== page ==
The Eureka! Ranch started measuring word of mouth diffusion and running experiments in 2010. Back then companies had concerns over growing advertising costs and were looking for alternative ways to drive awareness for their new offerings. Well, today is no different. Companies are still looking to increase sales and drive down marketing costs. If leveraging word of mouth or ‘going viral’ seems like an unlikely, miracle solution, well it sort of is. While it is possible to increase the odds, we also have to be realistic about what it takes to be successful.
- A Very Meaningfully Unique Product: To be successful with word-of-mouth sales, the product has to be meaningfully unique. No surprises here, we always emphasize meaningful uniqueness for new product success. The difference is that the success stand is higher. People don’t tell others about everything they’ve ever bought, instead, they talk about the things that really stood out or were the most meaningful. So while a score above 6 for meaningful uniqueness is great for a new product, the odds of word of mouth don’t start taking off until above 7.
2. Clear Messaging: Assuming you have a meaningfully unique product that tested well, now you need to be able to communicate that in a way that others can repeat. This creates tension because new unique products can be more difficult to explain. So as teams try to simplify the messaging they can remove important claims. Often times they gloss over the uniqueness even though this is the very thing that is the most newsworthy.
3. Right-Sized Activation Events or Campaigns: You still need some awareness to kick start the word-of-mouth diffusion. But it turns out that customers who were already aware, are more likely to tell others after hearing about the product for a second time. So there is value to activation events and awareness campaigns even with a word of mouth plan. The key is to start small enough to allow word of mouth the opportunity to work, but also not so small that the product is not available by the time people learn about it. Using sales forecasting tools that include diffusion allows you to dial in the best plan for your marketing.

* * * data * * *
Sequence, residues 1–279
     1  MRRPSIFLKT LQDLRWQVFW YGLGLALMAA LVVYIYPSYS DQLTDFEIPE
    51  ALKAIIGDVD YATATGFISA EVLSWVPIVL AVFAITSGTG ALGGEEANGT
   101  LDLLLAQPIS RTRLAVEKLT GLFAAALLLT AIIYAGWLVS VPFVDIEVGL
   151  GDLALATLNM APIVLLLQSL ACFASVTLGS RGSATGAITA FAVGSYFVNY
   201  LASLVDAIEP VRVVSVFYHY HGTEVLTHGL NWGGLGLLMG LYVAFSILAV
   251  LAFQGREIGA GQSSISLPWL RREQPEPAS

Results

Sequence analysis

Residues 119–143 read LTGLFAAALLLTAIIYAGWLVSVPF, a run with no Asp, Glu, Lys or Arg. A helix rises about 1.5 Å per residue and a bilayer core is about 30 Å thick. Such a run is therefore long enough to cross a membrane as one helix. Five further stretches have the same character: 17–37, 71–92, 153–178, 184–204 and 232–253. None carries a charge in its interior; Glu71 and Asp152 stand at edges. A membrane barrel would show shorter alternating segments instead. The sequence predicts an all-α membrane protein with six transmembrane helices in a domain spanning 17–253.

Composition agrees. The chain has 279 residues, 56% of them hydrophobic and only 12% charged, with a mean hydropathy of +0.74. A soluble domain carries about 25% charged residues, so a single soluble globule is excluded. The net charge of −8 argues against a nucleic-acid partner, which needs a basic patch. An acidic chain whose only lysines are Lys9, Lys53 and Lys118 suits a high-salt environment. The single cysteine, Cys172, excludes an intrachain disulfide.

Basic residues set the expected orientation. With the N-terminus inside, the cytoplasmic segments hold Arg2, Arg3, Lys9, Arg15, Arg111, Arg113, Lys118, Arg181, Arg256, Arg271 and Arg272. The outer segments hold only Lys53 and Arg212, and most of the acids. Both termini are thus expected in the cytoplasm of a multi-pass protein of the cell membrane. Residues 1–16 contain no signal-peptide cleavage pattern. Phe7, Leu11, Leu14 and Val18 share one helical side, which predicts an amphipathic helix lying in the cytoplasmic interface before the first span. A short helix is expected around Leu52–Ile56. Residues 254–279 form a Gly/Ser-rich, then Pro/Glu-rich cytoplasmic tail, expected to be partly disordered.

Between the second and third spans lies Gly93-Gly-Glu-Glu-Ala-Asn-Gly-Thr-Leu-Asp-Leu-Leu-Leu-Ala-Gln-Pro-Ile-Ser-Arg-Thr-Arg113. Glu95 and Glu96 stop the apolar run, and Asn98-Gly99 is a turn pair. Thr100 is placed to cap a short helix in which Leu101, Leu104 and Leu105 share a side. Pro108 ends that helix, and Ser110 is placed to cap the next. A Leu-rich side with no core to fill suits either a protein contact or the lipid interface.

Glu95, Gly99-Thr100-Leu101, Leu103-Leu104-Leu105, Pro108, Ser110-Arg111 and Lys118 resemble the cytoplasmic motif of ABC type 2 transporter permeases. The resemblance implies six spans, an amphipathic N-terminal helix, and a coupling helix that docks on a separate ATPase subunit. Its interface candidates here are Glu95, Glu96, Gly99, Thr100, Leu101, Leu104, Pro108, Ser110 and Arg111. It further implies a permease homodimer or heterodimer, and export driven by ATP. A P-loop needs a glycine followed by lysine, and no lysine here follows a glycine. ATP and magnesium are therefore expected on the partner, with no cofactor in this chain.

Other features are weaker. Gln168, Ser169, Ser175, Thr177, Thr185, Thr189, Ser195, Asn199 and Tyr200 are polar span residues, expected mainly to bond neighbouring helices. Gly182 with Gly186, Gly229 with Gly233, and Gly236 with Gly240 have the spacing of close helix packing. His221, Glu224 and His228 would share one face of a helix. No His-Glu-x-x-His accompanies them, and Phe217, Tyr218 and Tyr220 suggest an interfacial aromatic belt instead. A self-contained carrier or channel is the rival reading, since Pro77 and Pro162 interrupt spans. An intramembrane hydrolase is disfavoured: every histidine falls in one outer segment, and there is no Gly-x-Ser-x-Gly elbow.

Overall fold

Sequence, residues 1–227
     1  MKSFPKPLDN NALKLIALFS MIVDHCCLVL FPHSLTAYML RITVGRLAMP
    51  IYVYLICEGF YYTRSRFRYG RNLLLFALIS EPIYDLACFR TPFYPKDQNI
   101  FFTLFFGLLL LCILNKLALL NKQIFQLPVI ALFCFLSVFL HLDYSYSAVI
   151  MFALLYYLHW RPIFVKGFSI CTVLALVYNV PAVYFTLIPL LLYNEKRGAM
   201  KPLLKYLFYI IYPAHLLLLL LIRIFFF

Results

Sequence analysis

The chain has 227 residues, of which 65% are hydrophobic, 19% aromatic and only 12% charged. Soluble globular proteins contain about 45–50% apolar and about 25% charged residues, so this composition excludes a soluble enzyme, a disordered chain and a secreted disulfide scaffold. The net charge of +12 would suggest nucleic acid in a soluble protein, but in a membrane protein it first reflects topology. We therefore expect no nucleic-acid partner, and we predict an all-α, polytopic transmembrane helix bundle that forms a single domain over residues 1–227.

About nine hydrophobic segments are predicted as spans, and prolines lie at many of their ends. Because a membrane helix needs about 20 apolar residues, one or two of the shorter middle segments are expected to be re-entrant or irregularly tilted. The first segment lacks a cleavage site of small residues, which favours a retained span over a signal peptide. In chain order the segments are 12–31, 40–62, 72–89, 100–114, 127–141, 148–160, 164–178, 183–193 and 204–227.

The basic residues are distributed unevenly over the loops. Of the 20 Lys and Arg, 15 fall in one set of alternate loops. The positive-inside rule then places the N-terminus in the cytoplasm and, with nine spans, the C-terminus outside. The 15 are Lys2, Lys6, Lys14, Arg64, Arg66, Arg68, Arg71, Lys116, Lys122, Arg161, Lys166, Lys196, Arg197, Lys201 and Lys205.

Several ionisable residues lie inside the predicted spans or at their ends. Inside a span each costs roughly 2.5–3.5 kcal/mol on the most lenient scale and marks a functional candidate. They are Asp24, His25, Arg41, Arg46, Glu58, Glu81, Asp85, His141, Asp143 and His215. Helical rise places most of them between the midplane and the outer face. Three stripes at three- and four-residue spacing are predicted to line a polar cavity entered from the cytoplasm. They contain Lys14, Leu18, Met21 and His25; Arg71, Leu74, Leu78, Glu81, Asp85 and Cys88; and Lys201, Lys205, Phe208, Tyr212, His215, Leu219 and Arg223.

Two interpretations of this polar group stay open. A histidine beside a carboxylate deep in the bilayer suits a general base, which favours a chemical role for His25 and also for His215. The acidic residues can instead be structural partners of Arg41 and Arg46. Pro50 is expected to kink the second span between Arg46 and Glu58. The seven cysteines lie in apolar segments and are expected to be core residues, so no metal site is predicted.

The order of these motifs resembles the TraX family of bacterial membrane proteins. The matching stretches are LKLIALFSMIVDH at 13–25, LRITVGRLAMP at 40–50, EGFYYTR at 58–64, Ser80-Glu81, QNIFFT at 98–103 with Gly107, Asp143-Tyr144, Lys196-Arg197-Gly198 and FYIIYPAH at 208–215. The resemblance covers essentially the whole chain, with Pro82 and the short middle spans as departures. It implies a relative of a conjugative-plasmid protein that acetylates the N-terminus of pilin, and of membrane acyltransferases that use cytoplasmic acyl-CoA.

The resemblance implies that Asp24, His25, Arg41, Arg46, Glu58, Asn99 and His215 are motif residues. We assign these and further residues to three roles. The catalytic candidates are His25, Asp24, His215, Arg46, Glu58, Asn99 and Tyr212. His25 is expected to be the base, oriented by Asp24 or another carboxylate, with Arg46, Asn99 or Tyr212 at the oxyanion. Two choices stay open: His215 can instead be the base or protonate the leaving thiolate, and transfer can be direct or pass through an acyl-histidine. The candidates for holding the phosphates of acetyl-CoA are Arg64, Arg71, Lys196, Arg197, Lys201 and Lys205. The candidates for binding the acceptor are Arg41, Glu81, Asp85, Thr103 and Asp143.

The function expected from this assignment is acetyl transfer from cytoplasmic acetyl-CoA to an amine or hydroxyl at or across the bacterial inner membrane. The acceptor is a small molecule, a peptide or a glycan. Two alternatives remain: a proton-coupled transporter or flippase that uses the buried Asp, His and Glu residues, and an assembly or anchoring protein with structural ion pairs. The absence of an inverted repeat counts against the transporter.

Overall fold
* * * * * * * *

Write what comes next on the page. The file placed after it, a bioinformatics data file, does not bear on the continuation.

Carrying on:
4. Target the Right Customers: The biggest change since the start of this research is the rise of digital marketing with digital spending passing all traditional advertising around 2019. Digital ads enable more control to target markets, but this applies to non-digital too.
To identify which customers to target:
- look at the demographics for who scored the product most meaningfully unique.
- likely going to be customers who purchase in your category already (assuming a category exists).
- people are in a position to tell other likely customers, for example targeting bartenders for alcohol products. This may require different messaging that is meaningfully unique to them.
5. Data Tracking or Experiment to Improve Your Systems: Honestly most of these strategies require work that you should already be doing for any new product regardless of intentions to spark word-of-mouth sales. However, if you are not intentional about tracking data, you won’t have the information you need to learn and improve your system for the next product. Depending on your industry you may be able to track how someone learned about the product or track enabling metrics that predict word of mouth. Our research and models are based on a broad range of products, so we can apply our learning to a variety of categories. While some things are the same across categories, there are likely some nuances that you can take advantage of in your industry or category. We recently published a white paper summarizing our experiment and results which would be a good place to start for designing your own research or experiment.